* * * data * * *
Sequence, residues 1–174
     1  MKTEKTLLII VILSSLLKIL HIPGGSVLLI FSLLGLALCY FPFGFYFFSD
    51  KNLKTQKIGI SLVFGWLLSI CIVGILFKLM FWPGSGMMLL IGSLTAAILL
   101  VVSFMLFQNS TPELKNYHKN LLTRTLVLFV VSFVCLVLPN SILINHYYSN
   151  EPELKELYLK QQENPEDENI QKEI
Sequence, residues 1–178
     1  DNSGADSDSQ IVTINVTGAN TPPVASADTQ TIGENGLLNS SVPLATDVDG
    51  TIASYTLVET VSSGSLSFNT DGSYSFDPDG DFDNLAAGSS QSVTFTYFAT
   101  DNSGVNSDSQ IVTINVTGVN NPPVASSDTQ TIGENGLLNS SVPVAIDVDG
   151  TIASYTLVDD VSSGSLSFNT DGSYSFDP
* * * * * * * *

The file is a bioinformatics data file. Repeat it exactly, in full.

Sequence, residues 1–174
     1  MKTEKTLLII VILSSLLKIL HIPGGSVLLI FSLLGLALCY FPFGFYFFSD
    51  KNLKTQKIGI SLVFGWLLSI CIVGILFKLM FWPGSGMMLL IGSLTAAILL
   101  VVSFMLFQNS TPELKNYHKN LLTRTLVLFV VSFVCLVLPN SILINHYYSN
   151  EPELKELYLK QQENPEDENI QKEI
Sequence, residues 1–178
     1  DNSGADSDSQ IVTINVTGAN TPPVASADTQ TIGENGLLNS SVPLATDVDG
    51  TIASYTLVET VSSGSLSFNT DGSYSFDPDG DFDNLAAGSS QSVTFTYFAT
   101  DNSGVNSDSQ IVTINVTGVN NPPVASSDTQ TIGENGLLNS SVPVAIDVDG
   151  TIASYTLVDD VSSGSLSFNT DGSYSFDP